Gamble of the day: Depressed oil supplier

Buy when there’s blood in the streets, said Baron Rothschild roughly two centuries ago. Buy at “the point of maximum pessimism”, was how legendary investor John Templeton put it a little more recently. Both were recommending contrarian investing – or betting against the crowd.

This can be a very successful investment strategy because investors tend to behave like herds of animals. When the outlook is grim, they sell shares and push their prices down – often to overly depressed levels. And when the outlook is good, they pile in and drive them to ever more expensive levels.

At the moment there is lots of pessimism in the oil and mining industries, with oil and commodity prices plunging. This is also bad news for any company that sells equipment to oil and mining companies, such as Glasgow-based pump maker Weir Group (LSE: WEIR).

Its shares have fallen by more than 40% since last July. The grim sentiment, plus the huge share-price fall, indicates that buying Weir now would certainly be a contrarian act. But is it a good idea?

Until last summer, Weir had been a star performer, benefiting from the US shale-gas boom. Earnings had grown at a decent clip for several years. But now oil explorers and miners are cutting back on spending – and that means lower sales for pumps and valves.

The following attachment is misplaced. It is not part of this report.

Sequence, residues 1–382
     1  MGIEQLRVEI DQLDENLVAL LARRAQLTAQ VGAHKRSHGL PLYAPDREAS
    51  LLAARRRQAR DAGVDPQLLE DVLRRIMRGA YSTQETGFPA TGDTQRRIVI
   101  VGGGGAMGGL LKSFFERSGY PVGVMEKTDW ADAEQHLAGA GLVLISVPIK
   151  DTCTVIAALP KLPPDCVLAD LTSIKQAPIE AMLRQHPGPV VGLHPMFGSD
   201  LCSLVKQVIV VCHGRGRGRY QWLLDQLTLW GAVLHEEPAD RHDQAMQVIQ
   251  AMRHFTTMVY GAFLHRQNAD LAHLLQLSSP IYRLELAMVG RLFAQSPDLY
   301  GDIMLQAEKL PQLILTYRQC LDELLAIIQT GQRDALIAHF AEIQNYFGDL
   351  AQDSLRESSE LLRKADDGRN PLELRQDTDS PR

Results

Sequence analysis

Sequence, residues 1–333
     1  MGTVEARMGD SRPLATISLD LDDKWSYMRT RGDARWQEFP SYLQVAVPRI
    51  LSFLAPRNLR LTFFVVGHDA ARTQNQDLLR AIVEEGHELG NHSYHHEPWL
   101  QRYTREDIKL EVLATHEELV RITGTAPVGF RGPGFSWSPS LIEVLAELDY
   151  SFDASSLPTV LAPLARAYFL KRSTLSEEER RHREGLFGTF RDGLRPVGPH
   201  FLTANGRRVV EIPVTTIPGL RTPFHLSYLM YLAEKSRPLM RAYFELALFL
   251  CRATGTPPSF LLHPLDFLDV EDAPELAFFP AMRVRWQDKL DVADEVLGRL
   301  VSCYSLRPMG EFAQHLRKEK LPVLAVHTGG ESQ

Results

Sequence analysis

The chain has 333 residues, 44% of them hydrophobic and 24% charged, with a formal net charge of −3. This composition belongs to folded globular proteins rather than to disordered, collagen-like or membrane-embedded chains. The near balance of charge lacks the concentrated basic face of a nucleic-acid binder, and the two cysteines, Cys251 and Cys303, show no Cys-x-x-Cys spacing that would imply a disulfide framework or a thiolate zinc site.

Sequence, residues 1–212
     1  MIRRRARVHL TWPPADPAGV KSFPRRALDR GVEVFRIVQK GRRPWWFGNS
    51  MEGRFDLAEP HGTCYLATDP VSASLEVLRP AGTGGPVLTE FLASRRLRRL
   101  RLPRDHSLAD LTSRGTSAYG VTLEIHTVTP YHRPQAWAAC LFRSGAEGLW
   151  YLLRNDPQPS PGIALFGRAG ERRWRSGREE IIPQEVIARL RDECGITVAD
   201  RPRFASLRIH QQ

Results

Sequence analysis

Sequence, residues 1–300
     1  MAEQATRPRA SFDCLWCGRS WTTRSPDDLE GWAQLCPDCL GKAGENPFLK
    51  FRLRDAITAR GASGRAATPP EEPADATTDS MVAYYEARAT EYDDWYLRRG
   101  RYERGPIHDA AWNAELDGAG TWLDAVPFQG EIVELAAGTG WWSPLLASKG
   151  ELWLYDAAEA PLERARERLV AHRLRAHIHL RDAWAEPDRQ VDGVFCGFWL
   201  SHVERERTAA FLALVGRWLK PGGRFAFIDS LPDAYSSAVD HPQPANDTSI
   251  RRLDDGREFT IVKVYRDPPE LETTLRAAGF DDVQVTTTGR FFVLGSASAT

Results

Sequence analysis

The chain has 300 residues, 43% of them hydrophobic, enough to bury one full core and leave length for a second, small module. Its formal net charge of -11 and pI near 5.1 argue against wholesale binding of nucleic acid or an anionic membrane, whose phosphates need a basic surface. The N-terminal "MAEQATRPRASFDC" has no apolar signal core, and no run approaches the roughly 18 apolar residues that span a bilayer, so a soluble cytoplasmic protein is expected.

So you can see why investors have sold out, and I think it’s fair to assume that Weir will not escape the current turmoil unscathed. I’ve also no idea whether its share price will continue to go lower in the months ahead – the point of maximum pessimism may well be yet to come. So the easy decision would be to avoid or sell its shares.

Weir Group share price chartBut a look at the company’s financial performance over the last decade suggests that Weir is a very decent business, as evidenced by its sustainably high return on capital employed. This has been achieved despite the financial crisis and a tendency for it to splash out on buying other firms.

You don’t often get the chance to buy quality businesses like these cheaply. At 12.7 times 2015 estimated earnings per share, the shares aren’t dirt cheap, but they could look oversold if commodity and oil prices bounce.

I don’t think Weir’s profits will collapse. A large chunk of its income comes from selling services such as maintenance and spare parts – a part of the business that’s still growing. It also doesn’t have huge amounts of debt and so should be able to weather the current storm comfortably. Even if you don’t want to buy Weir shares now, they are definitely worthy of a place on your watchlist.

Verdict: a high-risk buy